In addition to the lack of laws regarding commercial sex, the sexualizing of women in Brazilian culture arguably contributes to the exploitation of women through sex tourism. Carnival, promoted as the biggest party on the planet, is often used as an example of a cultural factor that feeds exploitation. Rio-based Brazilian journalist, Nicole Froio, argues that traditions like the notorious Carnival, “encourage[s] the objectification of women” in Brazilian culture.3

The notion that women are sexual objects is so widely accepted in the culture, that many little girls dream of being a Carnival globeleza—a spokeswoman chosen to represent Carnival each year by dancing naked in sponsored commercials during the event’s television coverage.4

Nowhere is this objectification more overt than in Rio’s most popular red-light districts, including the “glitzy beachfront” Copacabana area,5 and Rio’s largest and oldest red-light district, Vila Mimosa.6 The contrast between the two areas is stark.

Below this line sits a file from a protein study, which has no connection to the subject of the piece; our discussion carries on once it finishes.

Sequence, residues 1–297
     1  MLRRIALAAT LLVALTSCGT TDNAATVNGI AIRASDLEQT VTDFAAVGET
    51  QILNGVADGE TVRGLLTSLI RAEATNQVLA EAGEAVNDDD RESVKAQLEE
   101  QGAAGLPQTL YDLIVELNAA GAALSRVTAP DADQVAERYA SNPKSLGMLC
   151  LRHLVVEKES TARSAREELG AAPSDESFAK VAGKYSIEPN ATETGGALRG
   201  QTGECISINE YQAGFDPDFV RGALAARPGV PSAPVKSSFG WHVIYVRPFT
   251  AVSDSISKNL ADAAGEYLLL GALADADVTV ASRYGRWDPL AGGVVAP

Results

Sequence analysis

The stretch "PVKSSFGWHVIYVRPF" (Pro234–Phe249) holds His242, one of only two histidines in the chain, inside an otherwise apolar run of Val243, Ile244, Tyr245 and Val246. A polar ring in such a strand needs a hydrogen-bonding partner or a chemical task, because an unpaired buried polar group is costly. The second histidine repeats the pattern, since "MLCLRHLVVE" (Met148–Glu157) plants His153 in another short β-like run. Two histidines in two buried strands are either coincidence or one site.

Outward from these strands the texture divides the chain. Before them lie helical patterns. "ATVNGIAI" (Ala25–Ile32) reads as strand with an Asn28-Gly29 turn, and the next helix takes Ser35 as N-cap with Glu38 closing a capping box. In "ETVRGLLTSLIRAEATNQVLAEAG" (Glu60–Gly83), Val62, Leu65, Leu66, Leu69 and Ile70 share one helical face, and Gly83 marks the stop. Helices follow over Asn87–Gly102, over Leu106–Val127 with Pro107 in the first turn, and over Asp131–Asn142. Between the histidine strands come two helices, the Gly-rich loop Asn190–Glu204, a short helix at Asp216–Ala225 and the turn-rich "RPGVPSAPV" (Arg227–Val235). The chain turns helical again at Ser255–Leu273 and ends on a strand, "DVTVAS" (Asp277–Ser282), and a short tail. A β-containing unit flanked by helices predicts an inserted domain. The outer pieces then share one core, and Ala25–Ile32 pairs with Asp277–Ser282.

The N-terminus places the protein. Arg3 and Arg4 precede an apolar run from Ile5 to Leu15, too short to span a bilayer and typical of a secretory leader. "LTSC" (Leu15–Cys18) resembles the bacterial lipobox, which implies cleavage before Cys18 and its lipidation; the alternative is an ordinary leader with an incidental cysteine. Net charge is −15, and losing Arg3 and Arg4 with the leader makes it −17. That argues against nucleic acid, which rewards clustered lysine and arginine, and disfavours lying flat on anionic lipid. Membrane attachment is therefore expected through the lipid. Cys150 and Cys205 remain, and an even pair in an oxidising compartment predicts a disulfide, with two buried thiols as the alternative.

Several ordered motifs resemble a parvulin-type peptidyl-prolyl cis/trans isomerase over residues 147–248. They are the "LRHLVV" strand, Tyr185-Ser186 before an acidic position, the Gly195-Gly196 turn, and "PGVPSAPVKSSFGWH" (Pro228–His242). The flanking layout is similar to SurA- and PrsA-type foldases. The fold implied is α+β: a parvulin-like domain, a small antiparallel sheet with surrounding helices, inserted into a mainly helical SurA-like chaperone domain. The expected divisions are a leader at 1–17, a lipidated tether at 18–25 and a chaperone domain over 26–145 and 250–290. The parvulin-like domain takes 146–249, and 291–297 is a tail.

At the glamorous and more centrally-located “sex motels” and brothels in places like Copacabana, women are typically selected from a line-up. These upscale facilities typically draw more international clients, including well-known celebrities and entertainers.7 Clients at these upscale brothels are typically charged 200 USD per “program.”8